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Nutritional Gains from Extended Exposure to a Large-scale Nutrition Programme

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  • Emanuela Galasso
  • Nithin Umapathi
  • Jeffrey Yau

Abstract

This paper estimates the returns to differential programme exposure in the context of a large-scale nutritional programme. It addresses this question using information available only on programme participants. To that end, the authors develop a methodology that circumvents this data hurdle and estimate returns to differential lengths of exposure using administrative data. Such data are generally collected as a by-product of the monitoring process of programme implementation but are rarely exploited to assess the effectiveness of the programme. The analysis finds that the returns to exposure are positive: communities exposed for an additional 1 (or 2) years of display on average lower malnutrition rates of around 7--9 percentage points. Moreover, the differential returns are decreasing over time, although they do not dissipate to zero. These results are consistent with the hypothesis that the returns to the programme reflect learning effects from the intervention. Copyright 2011 The author 2011. Published by Oxford University Press on behalf of the Centre for the Study of African Economies. All rights reserved. For permissions, please email: journals.permissions@oup.com, Oxford University Press.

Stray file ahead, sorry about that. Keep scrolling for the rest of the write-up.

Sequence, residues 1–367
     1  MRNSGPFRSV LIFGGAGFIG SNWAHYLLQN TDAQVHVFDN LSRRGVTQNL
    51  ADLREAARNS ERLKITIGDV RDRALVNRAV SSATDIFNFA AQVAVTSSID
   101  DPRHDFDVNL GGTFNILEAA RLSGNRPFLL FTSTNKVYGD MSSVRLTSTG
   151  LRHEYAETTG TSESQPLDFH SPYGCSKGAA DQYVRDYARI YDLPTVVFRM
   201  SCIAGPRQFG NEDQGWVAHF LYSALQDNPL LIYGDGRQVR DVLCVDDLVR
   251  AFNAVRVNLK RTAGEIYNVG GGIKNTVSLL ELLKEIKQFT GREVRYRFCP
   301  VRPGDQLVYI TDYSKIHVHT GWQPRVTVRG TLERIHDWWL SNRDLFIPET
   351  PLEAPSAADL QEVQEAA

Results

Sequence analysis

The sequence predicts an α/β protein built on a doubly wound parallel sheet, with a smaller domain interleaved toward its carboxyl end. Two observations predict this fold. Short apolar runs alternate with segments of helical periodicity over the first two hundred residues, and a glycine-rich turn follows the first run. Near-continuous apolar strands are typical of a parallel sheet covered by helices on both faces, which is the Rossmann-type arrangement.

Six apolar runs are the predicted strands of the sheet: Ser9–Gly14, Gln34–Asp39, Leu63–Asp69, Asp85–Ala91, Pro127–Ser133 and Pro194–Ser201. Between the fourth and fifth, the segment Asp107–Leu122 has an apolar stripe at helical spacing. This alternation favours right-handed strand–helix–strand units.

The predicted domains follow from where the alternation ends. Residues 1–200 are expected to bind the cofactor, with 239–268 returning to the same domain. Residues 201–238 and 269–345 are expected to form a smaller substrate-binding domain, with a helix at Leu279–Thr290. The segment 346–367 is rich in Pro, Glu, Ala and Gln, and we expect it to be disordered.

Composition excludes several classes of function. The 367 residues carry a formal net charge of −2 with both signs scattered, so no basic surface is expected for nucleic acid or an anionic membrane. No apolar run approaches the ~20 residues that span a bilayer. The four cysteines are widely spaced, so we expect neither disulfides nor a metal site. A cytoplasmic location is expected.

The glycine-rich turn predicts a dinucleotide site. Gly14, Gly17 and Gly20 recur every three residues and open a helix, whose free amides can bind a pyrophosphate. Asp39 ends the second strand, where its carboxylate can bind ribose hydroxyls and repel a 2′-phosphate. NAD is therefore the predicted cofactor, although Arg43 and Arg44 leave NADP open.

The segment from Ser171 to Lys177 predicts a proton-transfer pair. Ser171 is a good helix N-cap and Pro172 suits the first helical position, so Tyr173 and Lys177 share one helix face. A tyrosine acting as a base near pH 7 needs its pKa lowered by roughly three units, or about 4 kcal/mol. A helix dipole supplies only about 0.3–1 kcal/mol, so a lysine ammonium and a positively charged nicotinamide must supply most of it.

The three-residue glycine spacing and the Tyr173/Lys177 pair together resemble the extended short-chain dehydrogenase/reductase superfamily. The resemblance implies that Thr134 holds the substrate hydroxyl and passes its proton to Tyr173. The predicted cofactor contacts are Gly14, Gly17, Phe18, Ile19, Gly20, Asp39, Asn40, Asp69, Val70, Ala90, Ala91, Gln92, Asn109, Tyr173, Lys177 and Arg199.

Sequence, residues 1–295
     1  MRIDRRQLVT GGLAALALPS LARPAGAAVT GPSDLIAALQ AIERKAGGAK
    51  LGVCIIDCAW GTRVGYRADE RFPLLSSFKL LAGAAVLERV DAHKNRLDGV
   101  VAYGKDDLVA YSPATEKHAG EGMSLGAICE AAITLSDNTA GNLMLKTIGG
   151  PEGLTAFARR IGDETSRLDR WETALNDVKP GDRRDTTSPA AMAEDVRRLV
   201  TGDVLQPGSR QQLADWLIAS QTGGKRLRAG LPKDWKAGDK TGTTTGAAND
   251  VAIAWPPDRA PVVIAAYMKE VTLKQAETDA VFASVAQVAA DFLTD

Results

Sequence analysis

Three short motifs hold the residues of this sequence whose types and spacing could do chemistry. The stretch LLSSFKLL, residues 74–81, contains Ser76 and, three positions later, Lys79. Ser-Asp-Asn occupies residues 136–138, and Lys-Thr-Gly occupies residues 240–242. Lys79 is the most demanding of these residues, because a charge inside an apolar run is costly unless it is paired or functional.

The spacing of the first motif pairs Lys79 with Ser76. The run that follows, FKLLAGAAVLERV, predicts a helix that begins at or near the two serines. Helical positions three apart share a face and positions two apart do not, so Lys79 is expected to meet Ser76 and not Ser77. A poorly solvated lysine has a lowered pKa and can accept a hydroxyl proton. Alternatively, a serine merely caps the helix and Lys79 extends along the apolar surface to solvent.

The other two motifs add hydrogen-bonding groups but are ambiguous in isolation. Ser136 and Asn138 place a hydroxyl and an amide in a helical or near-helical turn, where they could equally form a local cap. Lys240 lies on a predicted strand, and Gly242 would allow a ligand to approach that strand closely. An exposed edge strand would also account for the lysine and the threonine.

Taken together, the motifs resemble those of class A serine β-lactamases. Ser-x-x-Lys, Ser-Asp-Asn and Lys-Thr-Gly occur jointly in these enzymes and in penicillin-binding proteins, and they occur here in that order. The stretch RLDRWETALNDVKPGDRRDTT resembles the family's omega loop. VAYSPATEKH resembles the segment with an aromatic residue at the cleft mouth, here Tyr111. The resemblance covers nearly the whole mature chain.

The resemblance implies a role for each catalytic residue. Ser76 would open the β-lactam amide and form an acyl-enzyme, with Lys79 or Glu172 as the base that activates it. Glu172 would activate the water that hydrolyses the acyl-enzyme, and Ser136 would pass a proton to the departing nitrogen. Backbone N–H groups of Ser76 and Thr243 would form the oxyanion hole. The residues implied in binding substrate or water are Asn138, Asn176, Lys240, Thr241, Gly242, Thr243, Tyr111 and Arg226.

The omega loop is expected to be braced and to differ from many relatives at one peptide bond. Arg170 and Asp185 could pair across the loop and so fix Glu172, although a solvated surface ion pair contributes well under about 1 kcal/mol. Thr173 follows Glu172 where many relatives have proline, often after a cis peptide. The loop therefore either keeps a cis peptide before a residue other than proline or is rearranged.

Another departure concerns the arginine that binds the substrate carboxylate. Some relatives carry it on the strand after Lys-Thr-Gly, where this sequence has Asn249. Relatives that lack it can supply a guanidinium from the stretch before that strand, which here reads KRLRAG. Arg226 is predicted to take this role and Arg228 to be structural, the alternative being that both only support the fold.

Suggested Citation

  • Emanuela Galasso & Nithin Umapathi & Jeffrey Yau, 2011. "Nutritional Gains from Extended Exposure to a Large-scale Nutrition Programme," Journal of African Economies, Centre for the Study of African Economies (CSAE), vol. 20(5), pages 673-703, November.
  • Handle: RePEc:oup:jafrec:v:20:y:2011:i:5:p:673-703
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    File URL: http://hdl.handle.net/10.1093/jae/ejq041
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    Cited by:

    1. Lentz, Erin C. & Barrett, Christopher B., 2013. "The economics and nutritional impacts of food assistance policies and programs," Food Policy, Elsevier, vol. 42(C), pages 151-163.

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